Professional liability insurance, also called errors and omissions insurance, protects small businesses against the costs of client lawsuits over unsatisfactory work.
Provides financial protection against lawsuits. If a client files a lawsuit over the quality of your professional work, this policy can cover your legal costs. For example, if a construction contractor is sued for project delays, professional liability insurance could cover their legal costs.
Helps you comply with the law. Depending on your type of work, state laws might require you to carry professional liability insurance. For example, real estate workers often need this coverage. Lawyers and healthcare professionals might need to carry malpractice insurance – another term for this policy.
Fulfills client contracts. Your clients might ask you to produce a certificate of insurance as proof of professional liability coverage, or include it in the terms of a freelance contract.
Boosts you above the competition. Clients might choose to hire a general contractor who has professional liability coverage over one who is uninsured.
Professional liability insurance covers the legal costs of lawsuits over the quality of your work, including:
This policy also protects against false allegations. For example, a client might blame an architect for a structural flaw caused by the client's own choice of materials. Professional liability coverage would pay for the architect's legal defense if the case went to court.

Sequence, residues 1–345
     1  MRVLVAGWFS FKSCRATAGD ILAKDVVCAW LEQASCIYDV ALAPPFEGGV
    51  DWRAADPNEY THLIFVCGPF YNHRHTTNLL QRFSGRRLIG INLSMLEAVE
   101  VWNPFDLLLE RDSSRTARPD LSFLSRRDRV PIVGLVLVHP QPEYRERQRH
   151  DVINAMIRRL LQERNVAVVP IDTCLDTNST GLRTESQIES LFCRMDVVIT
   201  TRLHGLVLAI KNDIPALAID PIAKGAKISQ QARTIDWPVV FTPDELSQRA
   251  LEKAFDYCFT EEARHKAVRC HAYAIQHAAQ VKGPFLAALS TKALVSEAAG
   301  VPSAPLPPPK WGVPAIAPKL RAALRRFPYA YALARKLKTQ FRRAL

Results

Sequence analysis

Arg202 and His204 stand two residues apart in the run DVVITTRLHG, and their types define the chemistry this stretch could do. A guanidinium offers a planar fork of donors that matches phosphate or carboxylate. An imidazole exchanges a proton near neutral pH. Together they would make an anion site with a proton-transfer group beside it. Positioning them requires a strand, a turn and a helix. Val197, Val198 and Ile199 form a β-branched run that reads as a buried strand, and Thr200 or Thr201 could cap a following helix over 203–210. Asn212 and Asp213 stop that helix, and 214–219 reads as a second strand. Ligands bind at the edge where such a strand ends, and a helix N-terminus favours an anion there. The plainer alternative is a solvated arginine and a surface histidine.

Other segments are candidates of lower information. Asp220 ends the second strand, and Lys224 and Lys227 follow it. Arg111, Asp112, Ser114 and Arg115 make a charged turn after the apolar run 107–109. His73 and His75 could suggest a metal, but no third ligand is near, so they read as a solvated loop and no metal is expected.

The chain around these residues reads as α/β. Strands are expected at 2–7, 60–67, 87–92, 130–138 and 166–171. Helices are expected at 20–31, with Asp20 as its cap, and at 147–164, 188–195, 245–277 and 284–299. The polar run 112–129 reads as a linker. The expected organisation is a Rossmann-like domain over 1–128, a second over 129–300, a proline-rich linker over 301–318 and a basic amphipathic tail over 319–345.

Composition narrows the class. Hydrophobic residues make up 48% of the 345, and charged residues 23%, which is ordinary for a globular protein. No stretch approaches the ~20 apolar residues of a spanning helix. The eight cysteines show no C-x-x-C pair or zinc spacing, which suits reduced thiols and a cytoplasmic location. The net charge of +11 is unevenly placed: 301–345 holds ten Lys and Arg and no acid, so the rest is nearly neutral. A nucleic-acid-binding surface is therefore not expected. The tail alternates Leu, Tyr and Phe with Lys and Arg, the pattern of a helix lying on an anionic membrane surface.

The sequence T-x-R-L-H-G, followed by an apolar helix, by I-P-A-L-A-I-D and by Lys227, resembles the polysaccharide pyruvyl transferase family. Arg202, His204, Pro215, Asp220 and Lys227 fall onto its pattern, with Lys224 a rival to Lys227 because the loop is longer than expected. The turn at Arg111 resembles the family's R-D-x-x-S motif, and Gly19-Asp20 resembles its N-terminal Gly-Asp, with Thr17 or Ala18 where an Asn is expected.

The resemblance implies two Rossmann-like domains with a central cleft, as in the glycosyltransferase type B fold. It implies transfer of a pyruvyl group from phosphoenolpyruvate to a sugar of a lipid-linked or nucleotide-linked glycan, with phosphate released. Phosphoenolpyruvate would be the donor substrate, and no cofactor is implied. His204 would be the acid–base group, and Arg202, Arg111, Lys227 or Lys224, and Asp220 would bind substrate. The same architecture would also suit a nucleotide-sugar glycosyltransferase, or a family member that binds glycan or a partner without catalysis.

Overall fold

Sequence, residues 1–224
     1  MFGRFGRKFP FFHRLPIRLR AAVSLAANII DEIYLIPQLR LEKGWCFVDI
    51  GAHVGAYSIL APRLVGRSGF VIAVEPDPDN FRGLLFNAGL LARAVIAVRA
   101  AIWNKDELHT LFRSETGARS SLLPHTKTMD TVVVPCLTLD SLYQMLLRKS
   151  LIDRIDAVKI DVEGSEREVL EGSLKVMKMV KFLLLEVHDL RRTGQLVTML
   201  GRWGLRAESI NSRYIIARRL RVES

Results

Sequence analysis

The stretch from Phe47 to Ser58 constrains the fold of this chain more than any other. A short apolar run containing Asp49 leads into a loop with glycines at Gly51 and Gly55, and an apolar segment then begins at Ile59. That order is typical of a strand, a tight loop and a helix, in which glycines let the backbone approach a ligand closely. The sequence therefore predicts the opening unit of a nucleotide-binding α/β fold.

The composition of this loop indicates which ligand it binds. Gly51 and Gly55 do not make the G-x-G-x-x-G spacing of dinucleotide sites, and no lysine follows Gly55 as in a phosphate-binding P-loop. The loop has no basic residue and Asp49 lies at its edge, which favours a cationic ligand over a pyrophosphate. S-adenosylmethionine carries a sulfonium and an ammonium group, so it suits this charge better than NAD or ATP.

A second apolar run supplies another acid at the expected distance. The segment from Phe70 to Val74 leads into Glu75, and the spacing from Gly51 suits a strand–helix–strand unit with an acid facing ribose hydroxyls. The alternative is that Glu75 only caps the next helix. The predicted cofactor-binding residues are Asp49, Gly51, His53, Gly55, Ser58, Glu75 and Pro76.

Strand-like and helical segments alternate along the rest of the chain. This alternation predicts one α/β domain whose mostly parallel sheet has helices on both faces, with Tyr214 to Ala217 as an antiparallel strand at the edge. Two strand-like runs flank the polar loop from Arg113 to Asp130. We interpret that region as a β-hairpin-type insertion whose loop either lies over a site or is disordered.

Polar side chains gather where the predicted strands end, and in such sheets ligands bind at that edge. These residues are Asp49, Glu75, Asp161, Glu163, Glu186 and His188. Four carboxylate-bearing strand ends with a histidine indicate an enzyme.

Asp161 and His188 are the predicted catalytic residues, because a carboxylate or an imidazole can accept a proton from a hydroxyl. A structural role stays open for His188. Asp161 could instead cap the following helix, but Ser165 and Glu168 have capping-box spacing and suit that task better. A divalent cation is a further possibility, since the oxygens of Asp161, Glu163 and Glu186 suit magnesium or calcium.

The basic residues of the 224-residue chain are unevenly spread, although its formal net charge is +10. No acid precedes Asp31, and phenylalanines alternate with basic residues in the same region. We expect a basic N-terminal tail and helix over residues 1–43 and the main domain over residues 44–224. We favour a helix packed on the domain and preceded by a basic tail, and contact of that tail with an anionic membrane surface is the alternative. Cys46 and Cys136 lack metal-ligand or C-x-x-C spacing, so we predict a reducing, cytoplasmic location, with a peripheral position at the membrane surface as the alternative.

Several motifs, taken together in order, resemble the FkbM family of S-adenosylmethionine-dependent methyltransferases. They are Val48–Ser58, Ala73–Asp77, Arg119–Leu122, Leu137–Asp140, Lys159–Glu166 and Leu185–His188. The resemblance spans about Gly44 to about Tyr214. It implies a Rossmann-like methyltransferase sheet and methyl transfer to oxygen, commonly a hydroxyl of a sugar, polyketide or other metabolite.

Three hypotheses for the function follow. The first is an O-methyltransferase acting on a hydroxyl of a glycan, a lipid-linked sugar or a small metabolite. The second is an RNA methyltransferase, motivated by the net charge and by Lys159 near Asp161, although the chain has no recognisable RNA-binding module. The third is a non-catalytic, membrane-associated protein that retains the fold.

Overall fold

Sole proprietors and independent contractors can be held responsible for errors and oversights that financially harm their clients. If a client files a lawsuit, E&O covers your legal expenses, including a settlement or judgment.
If you don't have coverage, the businesses you work with might have to take on your legal costs – which is why they want you to be insured. For example, say an event planner hires your catering business for a client's convention and someone claims they got food poisoning. The client could name both parties in a professional liability lawsuit. If your catering company doesn't have coverage, the event planner might end up paying for your legal costs, including a settlement or judgment.
Your E&O policy gives your business partners and clients peace of mind, and may lead to them choose you over an uninsured competitor.
Unlike a general liability policy and some other policies, businesses and sole proprietors cannot extend their E&O coverage to independent contractors or subcontractors by naming them as an additional insured on their professional liability insurance. Instead, contractors must purchase their own insurance.
Small business owners and independent contractors should consider additional business insurance policies, including:
Complete Insureon’s easy online application today to compare professional liability insurance quotes from top-rated U.S. insurers. Once you find the right policy for your small business, you can begin coverage in less than 24 hours.